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Collaboration: When the Rain Falls 

We had the absolute pleasure to collaborate with Michele McLaughlin last year on a beautiful song called "When The Rain Falls". In this new video we chat a bit about our process of making the song. One interesting fact was that we never played the song together in person, doing the entire collaboration over email and sound clips exchanged back and forth. Although we did meet up after the song was finished, and had a wonderful time chatting about music and life! 
Check it out here and listen to the album at the link in the comments. :)Enjoy!

Interview: Thunder on the Plains Radio 

Check out this fun interview we did while in Nebraska last month with Susan Ritta from Thunder on the Plains radio. In this chat we talk about recording dance taps, how we work together as sisters, being an all-female act in a largely male-dominated musical genre, tune writing, the transition between playing classical music towards folk music, what we were doing 10 years ago and much, much more!

Interview: On The Band's Influences and "Midnight Sun" 

The Gothard Sisters Put New Fire into Old Embers

by Arthur Joyce at Chameleon Fire

Starting in the 1970s, Celtic traditional music began a resurgence that fully hit its stride on the world stage in the 1980s and ’90s. Though it has since faded somewhat from prominence, some bands—The Chieftains, Planxty, Clannad, Altan and many others—have remained a fixture in world music for decades. Today its echoes continue to be heard globally with superstar acts like Celtic Woman and Riverdance. But the glitz and glamour of such a massive production isn’t for everyone. Just as with the blues, often Celtic music is best appreciated with a ragged group of musicians belting it out in a pub or small concert hall. Promoters tend to want to ‘go big or go home’ but this often leads to over-production that obscures the heart and soul of the music.

Not so with the Gothard Sisters, a trio based in Seattle, Washington, who manage to keep the production values modest while injecting new life into both traditional and original songs. Rather than sequined ball gowns and strobe lights, Greta, Willow and Solana Gothard opt for a more naturalistic image. Many of their music videos are filmed outdoors in the forests and beaches of their Pacific Northwest home, and you couldn’t ask for a more beautiful backdrop.

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Interview: Huffington Post on Falling Snow 

The Gothard Sisters’ New Christmas Album Brings Trio’s Signature Celtic Twist to Old Favorites and New Originals

by Pam Stucky at Huffington Post

Tis the season — the holiday season of course, but also the season when artists all over the world debut new music for all to enjoy in this most wonderful time of the year! 

Among this year’s seasonal offerings is Falling Snow, a Christmas album to be released this Saturday, December 3, by The Gothard Sisters. This trio of multi-talented sisters from the Pacific Northwest has been performing together since they were very young, and they travel tens of thousands of miles to perform hundreds of concerts every year. With their enchanting Celtic sound and charismatic personalities they’ve built up quite a following of loyal fans all over the world.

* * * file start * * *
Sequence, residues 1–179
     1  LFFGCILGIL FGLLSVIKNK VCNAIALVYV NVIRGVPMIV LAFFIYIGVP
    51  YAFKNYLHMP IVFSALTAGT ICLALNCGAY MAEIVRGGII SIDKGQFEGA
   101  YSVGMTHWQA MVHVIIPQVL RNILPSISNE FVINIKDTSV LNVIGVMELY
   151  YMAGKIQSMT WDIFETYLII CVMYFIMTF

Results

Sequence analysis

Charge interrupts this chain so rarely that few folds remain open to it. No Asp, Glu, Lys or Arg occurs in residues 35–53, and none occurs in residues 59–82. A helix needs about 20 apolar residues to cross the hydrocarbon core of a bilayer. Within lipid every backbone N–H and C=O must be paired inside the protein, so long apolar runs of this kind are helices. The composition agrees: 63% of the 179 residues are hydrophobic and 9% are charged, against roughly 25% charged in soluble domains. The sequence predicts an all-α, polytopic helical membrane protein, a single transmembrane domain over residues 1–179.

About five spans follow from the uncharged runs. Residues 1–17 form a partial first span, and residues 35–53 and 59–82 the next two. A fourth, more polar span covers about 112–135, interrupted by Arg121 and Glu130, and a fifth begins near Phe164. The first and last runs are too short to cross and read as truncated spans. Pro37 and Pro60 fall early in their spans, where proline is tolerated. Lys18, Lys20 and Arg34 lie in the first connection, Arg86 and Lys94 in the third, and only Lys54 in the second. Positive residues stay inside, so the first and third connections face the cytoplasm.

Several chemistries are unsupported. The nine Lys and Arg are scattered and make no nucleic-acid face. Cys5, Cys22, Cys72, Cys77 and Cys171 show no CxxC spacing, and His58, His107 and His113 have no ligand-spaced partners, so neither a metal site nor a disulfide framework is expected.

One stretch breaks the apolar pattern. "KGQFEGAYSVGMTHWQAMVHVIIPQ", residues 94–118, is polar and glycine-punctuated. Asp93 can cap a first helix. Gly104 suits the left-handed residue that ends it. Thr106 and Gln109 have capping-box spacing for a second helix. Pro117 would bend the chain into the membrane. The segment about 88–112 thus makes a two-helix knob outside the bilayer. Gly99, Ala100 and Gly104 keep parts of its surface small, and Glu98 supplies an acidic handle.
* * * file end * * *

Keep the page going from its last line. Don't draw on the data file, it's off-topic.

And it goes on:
The Gothard Sisters are Greta, Willow, and Solana Gothard. I had a chance recently to catch up with them to chat about the album.

Tell me about the new CD. Is there a theme? 

Our new album is called Falling Snow, and it is a full Christmas album. We came up with the name because as we were compiling the collection of songs for this album there ended up being a common theme, which was snow, snowy landscapes, falling snow, etc., in the winter time. The title actually comes from a line in “Still, Still, Still,” an Austrian carol on the album, which describes the lovely feeling of safety and warmth at Christmas time when you are inside and the cold snow is softly falling outside. “Still, still, still, one can hear the falling snow.”

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Interview: Fiddler Magazine 

The Gothard Sisters - Kindred Spirits

by Mary Larsen at Fiddler Magazine

"Live performance is a fantastic thing.  It brings people together, it stops time, it communicates through music emotions and pictures and stories that everyone can experience together even if they are complete strangers!"  - Greta Gothard 

Playing over 1000 shows since first performing as a group in 2006, the Gothard Sisters - Greta, Solana and Willow - continue to delight audiences with their high-energy performances.  Inspired early on by NPR's "Thistle and Shamrock" show, the Gothards were able to share their own music on the show this past August. 

All classically trained on violin and competitive dancers, the Gothard sisters gradually made their way to fiddling and became proficient on a variety of other instruments as well.  They are also gifted songwriters and tunesmiths.  Their newly-released third album is called Mountain Rose, and is a lively mix of fiddle tunes and songs. 

Growing up outside Seattle, the girls were homeschooled in their academics, and had outside teachers for music and dance.  With a can-do spirit, they learned not only the instruments, but also the skills necessary for a successful recording and performing career.  When I caught up with them during their fall tour this year, they were happy to share their experiences and some helpful tips.

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